Through the forest & I was treated to the most amazing sunrise, it was so good I even started to sing a little Opera, I can tell the drugs were working because for one, I don’t know any opera & two, I can’t bloody well sing. Still, it made for an interesting couple of hours. Into Byrness & I met up again with Peter, who asked how I was. Still good, still full of drugs & still going was my reply. I wanted to grab 30minutes sleep here but I was buzzing from that amazing sunrise so I had some food & then cracked on back down the path, up Byrness Hill & onto The Cheviots.

          I was treated to amazing views for about the first 30 minutes on the trail & then the fog came in, visibility down to feet yet again. Sod it, gps straight out I wasn’t going to get lost this close to the finish. Head down to grind out the finish I was tripping along nicely to Hut 1. I treated myself to one of my expedition meals, the other one was for hut 2. A quick chat with the crew about that amazing sunrise & I was on my way again. The weather had socked in & it was freezing, after a few little slips I knew it was time to get the Microspikes out. Crikey, if it was this cold this side then it’ll be bloody awful after hut 2.

          Missing my left turn I started to walk up to the Cheviot, I quickly realised my mistake though & backtracked, probably only added about 10minutes to my time though but enough to annoy. After the worlds worst descent I made the short climb to Hut 2. Just the Schil to do now & I would be home. Scoffing my 2nd expedition meal, I readied myself for the last section.

           Up & onto the Schil, I stopped to phone my wife & told her where I was, yes she already knew, the tracker tells all doesn’t it. Ah ok, I won’t be too long then & headed off down to KY. Pushing along as fast as I could, snail like pace I made terrible time down to the town. I had a serious energy failure, nothing in the tank & I stopped leant on my poles & had a 10 min snooze. No sweets left for that quick sugar hit so I grabbed a pack of pro plus & took six to give me a quick energy boost! It worked, I was trotting down the lane when I saw the finish. I turned to the Japanese cameraman who had tracked me from hut 2 & said “Shall we run?” Yes, he nodded, let’s do it. So we ran, it wasn’t fast but felt like we were storming it. I could hear the crowd shouting & by heck, there was a big crowd there. It seemed to be getting bigger & louder as I approached & yes, they were shouting my name. Get in! I was loving it, I flew across the green & nearly came a cropper stepping onto the road. Making my way to the hotel I finally touched that wall. That last push had nearly broken me & I did swear a bit standing up. John Bamber gave me my medal & a massive hug for finishing, have to admit, I did hug back.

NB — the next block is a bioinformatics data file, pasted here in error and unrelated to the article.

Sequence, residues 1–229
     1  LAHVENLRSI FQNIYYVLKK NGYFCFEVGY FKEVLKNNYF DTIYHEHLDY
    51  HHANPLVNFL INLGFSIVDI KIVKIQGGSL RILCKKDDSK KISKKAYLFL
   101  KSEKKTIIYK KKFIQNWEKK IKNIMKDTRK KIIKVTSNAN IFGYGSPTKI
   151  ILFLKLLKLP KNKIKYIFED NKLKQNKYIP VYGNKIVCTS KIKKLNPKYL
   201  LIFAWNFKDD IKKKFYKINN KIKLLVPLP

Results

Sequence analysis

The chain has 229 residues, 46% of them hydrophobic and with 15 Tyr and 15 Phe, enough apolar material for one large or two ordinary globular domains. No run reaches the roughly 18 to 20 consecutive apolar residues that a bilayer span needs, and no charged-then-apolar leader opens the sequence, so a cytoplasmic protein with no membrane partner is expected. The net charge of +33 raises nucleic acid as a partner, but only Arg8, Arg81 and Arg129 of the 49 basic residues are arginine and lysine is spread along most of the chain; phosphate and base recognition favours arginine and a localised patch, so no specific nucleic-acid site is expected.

One shell shocked, tired but happy finisher.


          Many thanks to all the crew & marshals on the race, without them there would be no event but my special thanks go to the Exile Medics team who went above & beyond in their duties to get me to the finish line.

          Oh & the injury, my physio says it’s some tearing to the abdominal muscles & a groin strain. Amazing that it can hurt that much really.


Main points to remember:

Starting the Spine race with an injury. Not really a good idea.

Continuing the race after picking up another injury. Not really a good idea

Getting the job done. BEST FEELING EVER!

Final footnote, to the chap, I assume it was a chap who took my troos at the Alston CP, seriously, if you wanted them that badly you only had to ask. I would’ve given them to you. Keep them now & make good use of them, just next time ask. Oh, and I put your happy shopper pants back in the lost property.